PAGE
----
‘The Future of Work’ is … nothing. There is no ‘Future of Work’. And before you get all uppity – I am not suggesting that work is just going to disappear, of course not. But I am saying that the Future of Work has nothing to do with work as we know it today. So let us plan for massive disruption – not business as usual linear thinking and look at what Income 2.0 might look like.

Liked The Gig Is Up. (

So why is so much energy pure into the idea that The Gig Economy is so wonderful?

It is not ‘The Future Of Work’, so let’s call it for what it is.

It is a way …

  • to pay (little and definitely less than the prior alternative)
  • people (without employing them and most of them have little alternative)
  • to do tasks that you don’t want to do (and right now can’t be done for less – but watch this space and watch even those people get replaced).
  • to line the pockets of the few (investors and senior management)

… because this is no sharing economy, this is the shareholding economy on steroids.

Replied to Fitting In Might Be All Bullshit (

An enlightening Ted Talk and just like Carlin before him – The American Dream is under attack. But this time there is more. This is not just about America. This is about people, individuality, questioning ‘falling into line’ and doing ‘what is expected of you’. Something that I have definitely on occasions taken to an extreme in my past.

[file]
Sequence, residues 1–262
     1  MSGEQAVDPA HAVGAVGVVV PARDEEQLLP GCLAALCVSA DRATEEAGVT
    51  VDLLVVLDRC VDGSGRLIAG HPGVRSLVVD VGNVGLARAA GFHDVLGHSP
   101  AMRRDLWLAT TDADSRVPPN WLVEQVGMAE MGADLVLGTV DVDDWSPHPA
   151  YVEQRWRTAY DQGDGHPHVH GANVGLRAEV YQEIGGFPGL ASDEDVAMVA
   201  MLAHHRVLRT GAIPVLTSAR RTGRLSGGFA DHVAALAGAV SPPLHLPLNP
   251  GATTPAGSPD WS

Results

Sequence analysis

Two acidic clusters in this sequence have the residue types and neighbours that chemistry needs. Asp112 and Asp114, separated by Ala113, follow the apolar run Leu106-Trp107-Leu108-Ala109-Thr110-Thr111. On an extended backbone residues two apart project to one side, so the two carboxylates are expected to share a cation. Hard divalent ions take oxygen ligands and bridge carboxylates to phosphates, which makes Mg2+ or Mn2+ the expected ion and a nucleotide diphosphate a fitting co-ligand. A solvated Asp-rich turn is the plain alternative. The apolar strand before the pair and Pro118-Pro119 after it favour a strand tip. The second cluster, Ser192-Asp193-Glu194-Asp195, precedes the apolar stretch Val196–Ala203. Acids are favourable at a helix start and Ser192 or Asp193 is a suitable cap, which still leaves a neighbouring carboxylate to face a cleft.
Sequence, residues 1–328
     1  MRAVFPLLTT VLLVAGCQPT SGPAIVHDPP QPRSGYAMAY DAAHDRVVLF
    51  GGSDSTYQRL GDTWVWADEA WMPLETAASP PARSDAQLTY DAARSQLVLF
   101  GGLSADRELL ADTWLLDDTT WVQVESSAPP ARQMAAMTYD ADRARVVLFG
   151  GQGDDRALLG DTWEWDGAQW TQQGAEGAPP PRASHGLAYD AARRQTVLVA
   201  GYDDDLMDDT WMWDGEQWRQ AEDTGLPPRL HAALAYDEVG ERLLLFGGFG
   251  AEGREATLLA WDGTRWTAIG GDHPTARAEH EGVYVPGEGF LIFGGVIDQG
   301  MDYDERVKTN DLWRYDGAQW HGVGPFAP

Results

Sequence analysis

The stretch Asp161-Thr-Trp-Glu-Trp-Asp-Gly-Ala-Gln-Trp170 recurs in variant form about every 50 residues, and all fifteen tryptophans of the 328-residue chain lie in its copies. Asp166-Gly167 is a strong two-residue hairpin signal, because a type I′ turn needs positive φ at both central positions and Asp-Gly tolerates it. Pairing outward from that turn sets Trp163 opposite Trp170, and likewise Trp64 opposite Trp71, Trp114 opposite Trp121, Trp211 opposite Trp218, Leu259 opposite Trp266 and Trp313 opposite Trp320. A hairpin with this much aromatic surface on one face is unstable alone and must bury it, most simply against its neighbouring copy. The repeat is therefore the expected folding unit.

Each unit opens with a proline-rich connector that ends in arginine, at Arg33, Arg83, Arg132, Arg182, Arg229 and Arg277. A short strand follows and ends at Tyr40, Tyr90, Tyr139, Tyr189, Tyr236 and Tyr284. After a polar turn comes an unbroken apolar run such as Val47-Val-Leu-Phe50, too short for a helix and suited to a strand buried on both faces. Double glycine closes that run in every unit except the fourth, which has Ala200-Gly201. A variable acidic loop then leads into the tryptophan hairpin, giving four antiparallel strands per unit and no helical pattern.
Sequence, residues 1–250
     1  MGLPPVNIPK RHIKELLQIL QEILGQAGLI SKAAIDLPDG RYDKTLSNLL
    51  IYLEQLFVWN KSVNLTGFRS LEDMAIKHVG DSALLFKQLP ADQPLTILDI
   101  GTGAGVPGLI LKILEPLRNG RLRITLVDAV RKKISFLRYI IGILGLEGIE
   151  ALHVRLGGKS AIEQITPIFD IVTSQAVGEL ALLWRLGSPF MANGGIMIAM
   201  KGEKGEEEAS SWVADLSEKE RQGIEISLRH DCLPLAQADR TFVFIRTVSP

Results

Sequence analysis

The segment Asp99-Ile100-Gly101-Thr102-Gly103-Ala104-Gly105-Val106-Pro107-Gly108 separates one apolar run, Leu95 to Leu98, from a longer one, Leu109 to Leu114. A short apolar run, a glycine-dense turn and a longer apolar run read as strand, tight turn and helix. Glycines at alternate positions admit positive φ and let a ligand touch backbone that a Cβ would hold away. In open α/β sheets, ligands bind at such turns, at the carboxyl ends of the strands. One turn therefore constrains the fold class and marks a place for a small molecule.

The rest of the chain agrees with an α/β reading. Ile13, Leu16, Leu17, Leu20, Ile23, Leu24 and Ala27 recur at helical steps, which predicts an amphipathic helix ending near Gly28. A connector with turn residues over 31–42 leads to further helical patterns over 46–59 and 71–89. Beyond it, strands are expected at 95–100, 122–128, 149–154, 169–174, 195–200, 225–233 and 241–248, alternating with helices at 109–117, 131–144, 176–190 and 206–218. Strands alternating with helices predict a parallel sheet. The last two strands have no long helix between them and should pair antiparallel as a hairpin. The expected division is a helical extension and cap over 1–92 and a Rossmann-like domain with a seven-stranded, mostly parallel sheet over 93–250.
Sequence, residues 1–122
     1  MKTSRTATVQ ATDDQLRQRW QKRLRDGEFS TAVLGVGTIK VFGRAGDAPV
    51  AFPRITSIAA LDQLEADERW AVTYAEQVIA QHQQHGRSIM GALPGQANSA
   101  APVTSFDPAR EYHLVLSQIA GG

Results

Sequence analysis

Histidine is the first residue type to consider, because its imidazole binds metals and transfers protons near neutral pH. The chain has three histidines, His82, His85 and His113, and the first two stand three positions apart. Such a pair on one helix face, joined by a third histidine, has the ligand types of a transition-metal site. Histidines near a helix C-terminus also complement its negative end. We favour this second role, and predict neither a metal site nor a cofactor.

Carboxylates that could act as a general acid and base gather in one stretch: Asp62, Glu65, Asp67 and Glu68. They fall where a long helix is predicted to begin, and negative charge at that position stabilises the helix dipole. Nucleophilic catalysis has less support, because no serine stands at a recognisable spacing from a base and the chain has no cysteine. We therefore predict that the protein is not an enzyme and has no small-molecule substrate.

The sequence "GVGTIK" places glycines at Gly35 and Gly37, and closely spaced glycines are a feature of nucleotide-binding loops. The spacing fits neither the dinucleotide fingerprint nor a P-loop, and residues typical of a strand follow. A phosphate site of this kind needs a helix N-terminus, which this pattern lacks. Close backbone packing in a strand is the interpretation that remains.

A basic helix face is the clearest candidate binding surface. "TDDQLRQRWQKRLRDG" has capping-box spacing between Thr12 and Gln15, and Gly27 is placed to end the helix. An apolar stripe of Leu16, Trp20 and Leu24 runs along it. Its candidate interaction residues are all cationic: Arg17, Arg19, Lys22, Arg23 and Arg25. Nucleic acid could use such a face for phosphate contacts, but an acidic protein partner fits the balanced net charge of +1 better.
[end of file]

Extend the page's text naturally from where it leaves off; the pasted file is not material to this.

Hell is other people or other people’s comments?
Liked Content (

As long as ‘we the creators’ fall into the trap of using low cost, homogenous, non-descript words like ‘content’ to describe our work, our soul, our beliefs our passion, our effort, then our work will continue to be viewed as ’free–to–cheap–to–low–cost’, homogenized, non-differentiated, interchangeable fodder and we will only have ourselves to blame as the payment for our art, our thinking, our ideas continues to race to the bottom.

Bookmarked John Philpin : Lifestream (

Music – Art – Thought – Books – Philosophy – Travel – Politics – Science – Film … sometimes in that order, sometimes not. And there’s more. This is a more complete list and no, you still won’t find ‘sport’ listed there

I already subscribe to John Philpin’s great newsletter People First, however I find that John shares even more in his ‘lifestream’. I am left wondering what is the difference between a ‘lifestream’ and a commonplace book?
Bookmarked 🎵 TADA 🎵 A New Look At ‘DATA’ (People First)

If you want to start at the beginning and understand why even a date is such a hot bed of debate, misunderstanding, inconsistency and irregularity, then go read D is for Dangerous. If you consider yourself to be someone who is part of the data industry, you might find this a little light .. so move on. But first .. if you think you know that Samuel Morse died on 04/02/72 … you might want to dip in and check your facts.